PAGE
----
I have been having some lengthy Facebook conversations with a friend and collegue about sequestration. After spending nearly three hours going back and forth, I decided to briefly summarize my thinking on the matter as an exercise in critical thinking. Readers of the blog might be interested (or might not), but I suggest talking just a few minutes to compose your own thoughts on whether economics is a science (which drives how much faith you should put in any predictive models for economies as a whole), the proper role of government in economic affairs, and whether the cuts involved in sequestration are better than no cuts at all (and what your reasons are for thinking so). Once you spend ten to fifteen minutes thinking about that, you will get more out of this blog post.
- The economy is really complex (at least in developed countries).
- Since the economy is so complex, *any* model or prediction or analysis is subject to simplifying assumptions because modelers cannot get all the data they "need"
- The assumptions used are based on what the modeler thinks is important, even if not intentionally manipulated, drive the outcome of the model
- No one (at least not politicians and journalists) ever goes back to the prognosticators and says, "Gee, why didn't your model accurately predict the outcome?"
- It bugs some really smart people that markets and freedom do not produce outcomes they prefer
- No small group (less than a million people) makes better economic decisions than the market. Ever.
- When the government does intervene in markets to change outcomes (this is not an argument that we should have no government or some kinds of regulation), it distorts the outcomes, sends strange signals, and makes things worse, just differently worse. The moral shield the intervenors hold up when this is pointed out is, "Well, my intentions were good" or "It would have been worse if we had not acted" (which is impossible to verify so it is just best to focus only on outcomes and not intentions).
- Because of these beliefs, I believe the less intervention the better.
Here are what I see as the flaws in arguments that basically say, "I am in favor of reduced government spending, just not this way. We should do it smarter":
- They accept the assertion about slower recovery that will result with insufficient skepticism. Economic models show it both ways (faster and slower recovery).
- They assume that some other government with some other incentives could have produced another outcome that they think is better. I argue that the government we have, with the incentives the politicians have, and the initial positions each side had, could only have produced this outcome. The outcome cannot be any "smarter" with the government we have. I don't see this as good or bad, just reality, because I don't believe anyone is powerful enough to do anything differently, nor would I want them to be.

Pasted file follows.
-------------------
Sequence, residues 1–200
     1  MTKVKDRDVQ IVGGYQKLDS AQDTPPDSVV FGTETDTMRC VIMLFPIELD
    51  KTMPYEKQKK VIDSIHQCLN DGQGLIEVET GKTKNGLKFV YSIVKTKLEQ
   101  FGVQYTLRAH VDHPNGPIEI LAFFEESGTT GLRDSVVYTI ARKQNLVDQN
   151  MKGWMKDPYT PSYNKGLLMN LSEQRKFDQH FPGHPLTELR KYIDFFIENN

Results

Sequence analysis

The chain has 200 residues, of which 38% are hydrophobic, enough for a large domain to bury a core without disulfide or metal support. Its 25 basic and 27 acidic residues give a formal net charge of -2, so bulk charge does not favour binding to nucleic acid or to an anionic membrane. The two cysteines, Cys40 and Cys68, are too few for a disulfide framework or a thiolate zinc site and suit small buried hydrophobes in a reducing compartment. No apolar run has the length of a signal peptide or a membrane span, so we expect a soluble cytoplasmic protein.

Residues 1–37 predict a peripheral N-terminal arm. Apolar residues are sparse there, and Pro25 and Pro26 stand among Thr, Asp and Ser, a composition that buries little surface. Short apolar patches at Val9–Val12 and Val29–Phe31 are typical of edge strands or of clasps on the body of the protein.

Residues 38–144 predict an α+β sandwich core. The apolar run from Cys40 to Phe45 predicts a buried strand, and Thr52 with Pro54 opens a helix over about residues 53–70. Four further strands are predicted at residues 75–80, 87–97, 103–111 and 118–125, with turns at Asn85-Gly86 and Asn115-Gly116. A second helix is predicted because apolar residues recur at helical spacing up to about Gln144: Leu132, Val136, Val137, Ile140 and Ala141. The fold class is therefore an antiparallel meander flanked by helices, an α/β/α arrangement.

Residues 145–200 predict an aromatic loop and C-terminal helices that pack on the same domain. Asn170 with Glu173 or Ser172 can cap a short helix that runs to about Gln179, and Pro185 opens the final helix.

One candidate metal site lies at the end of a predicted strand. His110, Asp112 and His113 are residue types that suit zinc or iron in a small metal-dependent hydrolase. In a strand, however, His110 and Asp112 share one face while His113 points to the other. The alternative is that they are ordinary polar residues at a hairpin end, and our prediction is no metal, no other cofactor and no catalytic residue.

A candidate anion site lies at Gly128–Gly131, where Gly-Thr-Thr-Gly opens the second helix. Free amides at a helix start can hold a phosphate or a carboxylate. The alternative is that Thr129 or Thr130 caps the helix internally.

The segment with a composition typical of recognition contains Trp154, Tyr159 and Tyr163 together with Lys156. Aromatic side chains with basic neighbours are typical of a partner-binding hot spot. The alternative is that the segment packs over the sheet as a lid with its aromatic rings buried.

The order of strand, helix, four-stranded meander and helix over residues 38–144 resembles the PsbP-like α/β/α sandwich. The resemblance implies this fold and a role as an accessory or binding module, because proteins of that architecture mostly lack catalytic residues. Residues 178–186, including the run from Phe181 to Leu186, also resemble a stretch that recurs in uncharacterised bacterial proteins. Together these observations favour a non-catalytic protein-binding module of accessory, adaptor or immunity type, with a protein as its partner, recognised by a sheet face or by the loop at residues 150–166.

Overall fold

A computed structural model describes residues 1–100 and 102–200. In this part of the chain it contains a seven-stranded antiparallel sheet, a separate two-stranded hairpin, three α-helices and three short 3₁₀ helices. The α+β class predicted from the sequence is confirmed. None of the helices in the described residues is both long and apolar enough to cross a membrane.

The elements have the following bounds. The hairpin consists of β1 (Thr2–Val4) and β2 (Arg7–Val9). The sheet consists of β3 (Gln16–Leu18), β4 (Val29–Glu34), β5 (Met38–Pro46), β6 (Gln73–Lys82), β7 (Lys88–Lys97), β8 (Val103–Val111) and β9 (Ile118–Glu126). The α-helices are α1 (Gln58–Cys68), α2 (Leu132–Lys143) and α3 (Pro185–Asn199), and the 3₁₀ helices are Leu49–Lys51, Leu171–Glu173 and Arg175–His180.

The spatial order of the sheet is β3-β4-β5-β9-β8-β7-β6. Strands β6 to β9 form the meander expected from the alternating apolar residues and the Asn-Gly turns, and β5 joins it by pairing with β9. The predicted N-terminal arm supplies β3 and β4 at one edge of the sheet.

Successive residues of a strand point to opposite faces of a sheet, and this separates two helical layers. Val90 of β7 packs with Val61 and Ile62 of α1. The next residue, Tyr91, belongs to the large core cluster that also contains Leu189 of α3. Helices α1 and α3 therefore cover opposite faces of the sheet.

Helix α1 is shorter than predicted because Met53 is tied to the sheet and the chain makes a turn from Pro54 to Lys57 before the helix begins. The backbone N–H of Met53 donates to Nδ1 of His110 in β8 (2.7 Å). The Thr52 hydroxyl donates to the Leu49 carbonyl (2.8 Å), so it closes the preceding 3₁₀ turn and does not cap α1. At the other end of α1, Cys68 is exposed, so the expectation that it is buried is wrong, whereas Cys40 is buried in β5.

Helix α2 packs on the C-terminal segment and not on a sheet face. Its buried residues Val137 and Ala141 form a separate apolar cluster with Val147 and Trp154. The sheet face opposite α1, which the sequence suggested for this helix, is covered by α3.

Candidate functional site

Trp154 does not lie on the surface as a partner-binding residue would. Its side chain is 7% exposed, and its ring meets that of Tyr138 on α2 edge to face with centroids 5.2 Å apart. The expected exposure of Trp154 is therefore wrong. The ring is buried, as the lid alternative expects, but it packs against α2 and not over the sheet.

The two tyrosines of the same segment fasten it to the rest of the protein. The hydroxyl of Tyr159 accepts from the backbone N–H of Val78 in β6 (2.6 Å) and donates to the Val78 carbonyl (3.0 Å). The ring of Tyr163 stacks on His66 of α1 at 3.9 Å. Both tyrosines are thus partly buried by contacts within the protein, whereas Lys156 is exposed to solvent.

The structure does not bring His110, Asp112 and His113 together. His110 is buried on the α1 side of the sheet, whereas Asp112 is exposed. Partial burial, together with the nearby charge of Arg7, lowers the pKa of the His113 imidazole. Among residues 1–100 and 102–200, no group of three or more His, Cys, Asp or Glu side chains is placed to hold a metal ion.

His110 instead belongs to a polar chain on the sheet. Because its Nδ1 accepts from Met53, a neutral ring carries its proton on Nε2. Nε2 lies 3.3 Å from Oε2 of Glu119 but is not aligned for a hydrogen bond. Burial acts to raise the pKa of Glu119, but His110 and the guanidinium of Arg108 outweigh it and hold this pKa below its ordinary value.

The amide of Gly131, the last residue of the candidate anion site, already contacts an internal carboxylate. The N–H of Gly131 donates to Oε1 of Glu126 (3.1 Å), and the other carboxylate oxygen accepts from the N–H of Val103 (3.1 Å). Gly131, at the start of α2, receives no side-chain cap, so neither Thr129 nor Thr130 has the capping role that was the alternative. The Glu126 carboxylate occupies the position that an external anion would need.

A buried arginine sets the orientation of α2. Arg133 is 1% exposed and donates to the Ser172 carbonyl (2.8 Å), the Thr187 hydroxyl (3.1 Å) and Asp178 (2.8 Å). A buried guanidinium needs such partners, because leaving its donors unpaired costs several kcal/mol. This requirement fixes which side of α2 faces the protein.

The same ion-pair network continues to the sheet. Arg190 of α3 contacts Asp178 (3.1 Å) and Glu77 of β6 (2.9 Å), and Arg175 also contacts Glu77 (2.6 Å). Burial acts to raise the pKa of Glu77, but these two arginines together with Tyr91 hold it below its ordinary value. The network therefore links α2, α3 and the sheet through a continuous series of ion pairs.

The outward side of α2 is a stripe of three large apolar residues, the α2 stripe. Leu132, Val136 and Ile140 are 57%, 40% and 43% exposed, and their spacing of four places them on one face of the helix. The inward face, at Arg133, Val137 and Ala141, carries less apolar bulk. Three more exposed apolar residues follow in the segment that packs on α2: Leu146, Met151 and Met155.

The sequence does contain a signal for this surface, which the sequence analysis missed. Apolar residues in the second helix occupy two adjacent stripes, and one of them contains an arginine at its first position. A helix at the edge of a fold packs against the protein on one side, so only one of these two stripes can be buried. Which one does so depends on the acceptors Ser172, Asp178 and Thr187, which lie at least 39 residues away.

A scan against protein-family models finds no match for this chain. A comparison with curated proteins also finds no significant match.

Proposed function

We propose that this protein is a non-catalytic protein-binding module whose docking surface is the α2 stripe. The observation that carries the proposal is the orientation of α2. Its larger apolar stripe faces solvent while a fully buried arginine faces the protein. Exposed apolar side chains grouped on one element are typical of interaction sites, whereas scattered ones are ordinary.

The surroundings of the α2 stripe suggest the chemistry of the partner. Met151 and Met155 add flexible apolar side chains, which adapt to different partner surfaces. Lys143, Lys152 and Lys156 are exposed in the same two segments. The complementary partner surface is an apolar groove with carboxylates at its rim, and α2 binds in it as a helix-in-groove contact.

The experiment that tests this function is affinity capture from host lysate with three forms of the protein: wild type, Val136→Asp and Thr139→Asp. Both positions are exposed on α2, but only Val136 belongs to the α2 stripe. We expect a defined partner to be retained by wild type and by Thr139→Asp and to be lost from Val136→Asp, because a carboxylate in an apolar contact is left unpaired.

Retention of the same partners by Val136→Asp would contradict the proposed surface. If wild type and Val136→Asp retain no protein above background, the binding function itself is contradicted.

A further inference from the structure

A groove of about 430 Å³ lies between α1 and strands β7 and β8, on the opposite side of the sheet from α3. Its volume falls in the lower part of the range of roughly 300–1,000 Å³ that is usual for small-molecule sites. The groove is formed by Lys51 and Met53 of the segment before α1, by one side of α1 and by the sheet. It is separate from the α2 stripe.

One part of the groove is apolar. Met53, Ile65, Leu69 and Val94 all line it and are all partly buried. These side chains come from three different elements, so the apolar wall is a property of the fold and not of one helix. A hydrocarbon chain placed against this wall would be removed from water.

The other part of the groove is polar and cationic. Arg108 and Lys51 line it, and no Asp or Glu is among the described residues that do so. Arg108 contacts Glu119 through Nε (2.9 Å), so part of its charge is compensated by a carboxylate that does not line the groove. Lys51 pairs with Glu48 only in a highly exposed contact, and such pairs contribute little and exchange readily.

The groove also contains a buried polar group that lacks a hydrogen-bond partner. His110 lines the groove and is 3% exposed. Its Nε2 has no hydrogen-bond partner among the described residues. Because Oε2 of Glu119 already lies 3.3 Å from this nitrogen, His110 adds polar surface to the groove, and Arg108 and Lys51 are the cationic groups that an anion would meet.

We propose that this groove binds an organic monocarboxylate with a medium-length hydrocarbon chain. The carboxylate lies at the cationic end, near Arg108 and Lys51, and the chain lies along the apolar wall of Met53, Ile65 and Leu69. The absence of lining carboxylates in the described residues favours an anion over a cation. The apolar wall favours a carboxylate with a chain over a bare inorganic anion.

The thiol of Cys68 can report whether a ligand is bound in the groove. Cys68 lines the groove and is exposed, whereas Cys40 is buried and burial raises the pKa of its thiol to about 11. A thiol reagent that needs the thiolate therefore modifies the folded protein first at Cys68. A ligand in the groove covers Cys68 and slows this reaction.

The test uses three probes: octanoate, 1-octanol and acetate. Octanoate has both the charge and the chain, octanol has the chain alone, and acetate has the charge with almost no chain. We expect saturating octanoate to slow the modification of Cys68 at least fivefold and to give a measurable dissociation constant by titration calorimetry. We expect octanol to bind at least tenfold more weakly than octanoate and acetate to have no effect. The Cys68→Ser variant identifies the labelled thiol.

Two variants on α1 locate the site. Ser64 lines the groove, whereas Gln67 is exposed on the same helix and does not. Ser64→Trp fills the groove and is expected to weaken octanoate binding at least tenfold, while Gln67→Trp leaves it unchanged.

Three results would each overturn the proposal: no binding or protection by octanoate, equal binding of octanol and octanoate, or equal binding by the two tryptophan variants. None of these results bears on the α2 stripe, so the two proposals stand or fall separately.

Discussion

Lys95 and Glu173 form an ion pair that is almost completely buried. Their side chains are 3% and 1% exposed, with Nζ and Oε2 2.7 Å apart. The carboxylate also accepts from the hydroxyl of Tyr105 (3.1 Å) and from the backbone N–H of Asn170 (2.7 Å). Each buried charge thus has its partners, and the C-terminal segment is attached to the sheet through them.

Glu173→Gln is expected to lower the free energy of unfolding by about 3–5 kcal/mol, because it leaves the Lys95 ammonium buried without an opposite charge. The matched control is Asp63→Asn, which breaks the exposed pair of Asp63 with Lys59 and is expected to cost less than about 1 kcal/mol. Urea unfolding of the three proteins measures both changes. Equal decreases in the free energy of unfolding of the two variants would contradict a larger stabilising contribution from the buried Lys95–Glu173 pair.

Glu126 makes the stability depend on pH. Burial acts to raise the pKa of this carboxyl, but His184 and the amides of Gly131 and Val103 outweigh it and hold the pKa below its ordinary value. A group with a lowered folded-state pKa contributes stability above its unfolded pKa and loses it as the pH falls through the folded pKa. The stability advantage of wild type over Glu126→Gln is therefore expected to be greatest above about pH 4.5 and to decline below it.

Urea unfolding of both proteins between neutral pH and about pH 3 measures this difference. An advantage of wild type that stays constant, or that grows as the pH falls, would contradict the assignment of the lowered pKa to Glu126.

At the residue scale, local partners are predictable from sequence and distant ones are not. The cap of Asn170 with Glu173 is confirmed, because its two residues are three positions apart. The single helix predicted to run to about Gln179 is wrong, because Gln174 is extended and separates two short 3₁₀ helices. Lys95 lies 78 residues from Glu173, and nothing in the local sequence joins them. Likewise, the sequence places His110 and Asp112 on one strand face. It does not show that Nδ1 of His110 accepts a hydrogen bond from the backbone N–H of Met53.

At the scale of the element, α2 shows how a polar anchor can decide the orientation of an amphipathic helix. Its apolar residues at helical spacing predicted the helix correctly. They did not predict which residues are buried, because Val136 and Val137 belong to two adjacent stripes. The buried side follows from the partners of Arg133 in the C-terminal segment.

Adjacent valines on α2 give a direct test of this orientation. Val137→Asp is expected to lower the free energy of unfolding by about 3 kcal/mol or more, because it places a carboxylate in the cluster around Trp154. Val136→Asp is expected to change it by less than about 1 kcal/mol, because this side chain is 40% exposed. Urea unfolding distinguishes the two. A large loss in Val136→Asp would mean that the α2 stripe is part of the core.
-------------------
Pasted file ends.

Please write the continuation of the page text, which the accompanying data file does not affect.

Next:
- They often focus their attention on the impact on just those people that will be getting a government disbursement. If this is your primary focus, the logical extension is admitting that we should never cut any spending ever. Someone, some group, will always be disadvantaged by starting, stopping, or continuing any government program. My focus is on the economy as a whole and future generations. No one can be "right" or "win" this disagreement.
- They are using what they have found in a macroeconomics analysis to justify the result they (and the economist) favor. I can cite different papers and different economists.
- The issue and fundamental disagreement is not resolvable through science and math and complex equations. It comes down to values and philosophy and no science can resolve that. Economics is just window dressing people use to appeal to authority for what they want to do.
I am not really trying to be close-minded about this although I have strong beliefs based on my values. Here is what people that think differently than I do would have to do to bring me over to their view:
- Tell me exactly what they mean by the government "propping up" the economy, which industries, for how long, with how much money, and what outcome you predict it would have? It might make you feel better, but speaking in generalities when you talk about government policy and spending billions of dollars is a bad thing for me.
- Show me more than one or two examples of government intervention in the economy that was not more harmful than what it was trying to prevent. That might not do any good because "more harmful" is based on value judgments.
- Explain why I should care that someone else's paycheck is going to be any lower vs. the overall health of the economy and bills to be paid by future generations. Should I care that 98% of people worked on farms in 1860 and now less than 2% do?
- Explain a different process that will work in our current political environment, with the politicians/bureaucrats we have, with the government we have, to produce smarter ways to reduce spending since I argue that the sequester is the only way. The special screwdriver that people seem to imagine they will discover to tweak the government to produce the results they want is a fantasy.
- Tell me how DoD or any government agency will get as creative at finding ways to spend less money as they are now without taking the money away first. One of the reasons government worker paychecks are going to be lower is DoD refuses to cut/rationalize its really big, expensive weapons programs (I don't need to list them here). Our leaders have said this on the record.